COVID-19 deaths briefly dropped in June before making a swift comeback, according to the Wall Street Journal. The Journal cites federal data showing a massive increase in new cases, primarily fueled by states like Texas and Florida.
Nursing home residents are among the most vulnerable members of society when it comes to COVID-19 infections. During the week of July 26, 2020, there were 1,046 COVID-19 deaths in nursing homes across the United States. This marked a 24 percent increase from the beginning of July, when the number of cases in nursing homes was at its lowest point.
There have also been more than 65,000 COVID-19 deaths in long-term care facilities across the U.S. since the beginning of the pandemic. Nursing homes, assisted living communities, and other long-term care facilities account for roughly 40 percent of all nationwide COVID-19 deaths. That’s based on roughly 161,000 deaths compiled by Johns Hopkins University.
Ever since the first COVID-19 outbreak in a Kirkland, Washington nursing home, federal data has shown how vulnerable nursing homes are to this pandemic.
COVID-19 outbreaks in nursing homes are often linked to asymptomatic staff members who bring the virus into facilities. It only takes the spread to one resident or other staff member to lead to a serious outbreak.
This issue has raised concerns regarding the need for testing and personal protective equipment.
“The PPE and the testing have not been implemented in the way that we know would minimize the number of nursing-home deaths in these hot spots,” said Tamara Konetzka, a professor of health-services research at the University of Chicago.
How are federal officials handling the problem?
According to Seema Verma, administrator of the Centers for Medicare and Medicaid Services (CMS), the Trump administration has been keeping a close eye on nursing home death statistics and providing critical resources, such as testing platforms, personal protective equipment, and teams of experts to help manage the outbreaks.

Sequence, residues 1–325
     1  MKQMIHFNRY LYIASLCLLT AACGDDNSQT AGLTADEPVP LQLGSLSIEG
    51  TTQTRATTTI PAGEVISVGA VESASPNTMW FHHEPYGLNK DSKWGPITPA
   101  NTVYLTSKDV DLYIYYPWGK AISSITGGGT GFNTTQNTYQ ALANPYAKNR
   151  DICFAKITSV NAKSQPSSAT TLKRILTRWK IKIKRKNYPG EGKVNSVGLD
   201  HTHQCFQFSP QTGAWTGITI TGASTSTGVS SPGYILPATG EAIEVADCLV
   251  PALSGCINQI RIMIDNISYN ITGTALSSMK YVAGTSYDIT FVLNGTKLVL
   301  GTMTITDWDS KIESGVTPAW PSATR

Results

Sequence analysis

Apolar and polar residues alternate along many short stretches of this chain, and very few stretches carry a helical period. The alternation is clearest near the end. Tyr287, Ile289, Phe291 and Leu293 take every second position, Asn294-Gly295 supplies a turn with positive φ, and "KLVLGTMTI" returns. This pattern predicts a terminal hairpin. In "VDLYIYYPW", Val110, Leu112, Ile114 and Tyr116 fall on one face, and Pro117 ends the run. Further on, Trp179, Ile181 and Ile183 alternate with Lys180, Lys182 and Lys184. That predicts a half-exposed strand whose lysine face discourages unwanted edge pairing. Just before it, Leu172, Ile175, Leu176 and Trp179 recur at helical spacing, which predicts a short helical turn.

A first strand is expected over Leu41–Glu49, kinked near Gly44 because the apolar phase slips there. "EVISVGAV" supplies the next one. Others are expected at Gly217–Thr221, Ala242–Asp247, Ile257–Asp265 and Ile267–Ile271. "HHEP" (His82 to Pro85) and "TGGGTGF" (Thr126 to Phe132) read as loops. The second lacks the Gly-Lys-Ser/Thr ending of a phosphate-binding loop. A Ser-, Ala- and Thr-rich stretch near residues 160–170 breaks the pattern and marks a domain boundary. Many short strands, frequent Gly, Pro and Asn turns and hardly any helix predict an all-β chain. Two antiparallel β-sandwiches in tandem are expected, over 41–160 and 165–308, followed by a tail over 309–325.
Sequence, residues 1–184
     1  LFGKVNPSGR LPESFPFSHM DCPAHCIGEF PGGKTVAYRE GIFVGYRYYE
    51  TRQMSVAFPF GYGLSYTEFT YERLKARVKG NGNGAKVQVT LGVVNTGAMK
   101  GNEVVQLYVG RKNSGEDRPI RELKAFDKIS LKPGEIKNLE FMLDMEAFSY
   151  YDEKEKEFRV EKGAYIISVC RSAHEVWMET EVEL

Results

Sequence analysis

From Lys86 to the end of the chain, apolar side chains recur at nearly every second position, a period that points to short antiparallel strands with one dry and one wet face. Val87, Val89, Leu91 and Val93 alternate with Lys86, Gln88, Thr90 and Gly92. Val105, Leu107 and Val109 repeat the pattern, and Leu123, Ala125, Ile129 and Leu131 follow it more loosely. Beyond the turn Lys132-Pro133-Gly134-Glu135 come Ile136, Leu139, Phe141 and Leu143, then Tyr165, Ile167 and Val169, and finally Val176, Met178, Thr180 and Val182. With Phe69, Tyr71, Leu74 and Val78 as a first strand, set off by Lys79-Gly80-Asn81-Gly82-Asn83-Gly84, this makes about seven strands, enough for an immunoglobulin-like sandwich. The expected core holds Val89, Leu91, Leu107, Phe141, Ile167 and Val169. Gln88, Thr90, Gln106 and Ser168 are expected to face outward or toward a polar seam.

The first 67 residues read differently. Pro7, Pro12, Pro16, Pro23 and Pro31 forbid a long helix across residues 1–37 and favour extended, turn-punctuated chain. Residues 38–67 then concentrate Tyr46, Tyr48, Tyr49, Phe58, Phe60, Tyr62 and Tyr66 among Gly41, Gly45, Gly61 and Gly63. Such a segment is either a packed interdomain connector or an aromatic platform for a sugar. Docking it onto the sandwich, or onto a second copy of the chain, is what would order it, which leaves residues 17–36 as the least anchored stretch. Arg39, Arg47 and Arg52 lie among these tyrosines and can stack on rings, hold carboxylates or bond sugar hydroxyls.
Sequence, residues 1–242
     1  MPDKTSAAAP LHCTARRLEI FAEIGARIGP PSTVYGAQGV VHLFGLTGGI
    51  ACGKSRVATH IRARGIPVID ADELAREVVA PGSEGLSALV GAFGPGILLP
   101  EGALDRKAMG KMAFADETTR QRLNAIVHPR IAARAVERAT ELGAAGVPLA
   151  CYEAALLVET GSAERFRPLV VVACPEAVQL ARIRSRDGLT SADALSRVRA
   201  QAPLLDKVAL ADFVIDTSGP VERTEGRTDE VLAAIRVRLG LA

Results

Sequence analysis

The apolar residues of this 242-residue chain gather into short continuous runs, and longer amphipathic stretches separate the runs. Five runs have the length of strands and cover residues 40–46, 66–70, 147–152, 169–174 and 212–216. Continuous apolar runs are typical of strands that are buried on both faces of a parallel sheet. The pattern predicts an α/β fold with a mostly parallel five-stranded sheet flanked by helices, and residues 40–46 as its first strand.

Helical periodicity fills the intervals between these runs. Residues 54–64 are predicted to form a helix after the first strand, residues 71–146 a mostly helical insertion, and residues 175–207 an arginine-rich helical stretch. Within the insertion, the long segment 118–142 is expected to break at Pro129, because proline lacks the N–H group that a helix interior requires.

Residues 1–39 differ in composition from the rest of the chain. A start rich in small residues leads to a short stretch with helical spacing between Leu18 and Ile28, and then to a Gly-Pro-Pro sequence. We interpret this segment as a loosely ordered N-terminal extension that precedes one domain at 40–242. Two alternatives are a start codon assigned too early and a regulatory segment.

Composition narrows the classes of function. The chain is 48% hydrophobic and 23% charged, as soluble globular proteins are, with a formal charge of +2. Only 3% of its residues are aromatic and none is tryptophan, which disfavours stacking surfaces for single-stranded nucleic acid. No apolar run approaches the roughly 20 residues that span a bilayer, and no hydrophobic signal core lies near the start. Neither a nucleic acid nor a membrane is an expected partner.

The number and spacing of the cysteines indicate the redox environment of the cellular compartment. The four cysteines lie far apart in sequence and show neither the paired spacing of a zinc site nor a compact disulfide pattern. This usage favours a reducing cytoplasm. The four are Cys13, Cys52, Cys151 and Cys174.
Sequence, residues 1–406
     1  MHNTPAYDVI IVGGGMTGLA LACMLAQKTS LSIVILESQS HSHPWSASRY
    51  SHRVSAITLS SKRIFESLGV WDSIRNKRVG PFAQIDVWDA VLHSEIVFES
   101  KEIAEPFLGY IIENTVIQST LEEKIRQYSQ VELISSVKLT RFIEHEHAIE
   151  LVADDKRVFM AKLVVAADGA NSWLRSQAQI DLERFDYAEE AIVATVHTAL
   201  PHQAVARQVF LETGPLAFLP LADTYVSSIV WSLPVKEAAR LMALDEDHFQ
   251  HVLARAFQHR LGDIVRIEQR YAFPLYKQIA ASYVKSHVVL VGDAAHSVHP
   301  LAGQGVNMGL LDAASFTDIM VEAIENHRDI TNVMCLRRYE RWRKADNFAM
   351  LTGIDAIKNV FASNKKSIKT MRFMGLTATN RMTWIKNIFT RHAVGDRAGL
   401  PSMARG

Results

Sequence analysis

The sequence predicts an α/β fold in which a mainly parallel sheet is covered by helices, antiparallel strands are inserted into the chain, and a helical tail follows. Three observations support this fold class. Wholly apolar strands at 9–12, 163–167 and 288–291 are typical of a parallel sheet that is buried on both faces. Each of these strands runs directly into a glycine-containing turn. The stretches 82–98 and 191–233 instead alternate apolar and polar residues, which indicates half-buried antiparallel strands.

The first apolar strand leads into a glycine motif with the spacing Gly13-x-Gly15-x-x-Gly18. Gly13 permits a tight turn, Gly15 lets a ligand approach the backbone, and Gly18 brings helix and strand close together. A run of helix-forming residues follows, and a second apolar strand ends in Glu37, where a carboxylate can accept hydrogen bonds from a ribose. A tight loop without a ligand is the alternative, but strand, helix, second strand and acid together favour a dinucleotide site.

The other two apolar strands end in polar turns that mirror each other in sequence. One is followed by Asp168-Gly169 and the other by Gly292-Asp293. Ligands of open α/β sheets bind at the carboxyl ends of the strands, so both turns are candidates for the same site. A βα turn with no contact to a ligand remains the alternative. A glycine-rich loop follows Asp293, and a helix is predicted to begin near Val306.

The CMS also plans on mandatory testing for nursing home staff in states with the highest number of cases. Nursing homes have run into some challenges with testing, however. For example, it can take up to a week for COVID-19 test results to come back. During this time period, an asymptomatic staff member could continue to attend work and potentially infect others in a facility.
A limited number of facilities have received resources for rapid testing, but guidance on how to use rapid tests must be given by federal authorities.
What should I do if a loved one was harmed during a COVID-19 outbreak?
We’d like to think that our loved ones are safe and being properly cared for in nursing homes. Sometimes, the lack of oversight can lead to serious outbreaks that cause serious illnesses and deaths. If your loved one suffered a serious COVID-19 infection as a result of poor nursing home facility management, you may be able to take legal action against the facility and pursue damages.
The Law Office of George S. Johnson, LLC has been serving clients in the Atlanta, Georgia area for more than 20 years. Our legal team can launch a thorough investigation into the facility where your loved one was harmed and fight to help you get compensated for your losses – both financial and non-economic losses.
To schedule your free case evaluation, contact us online.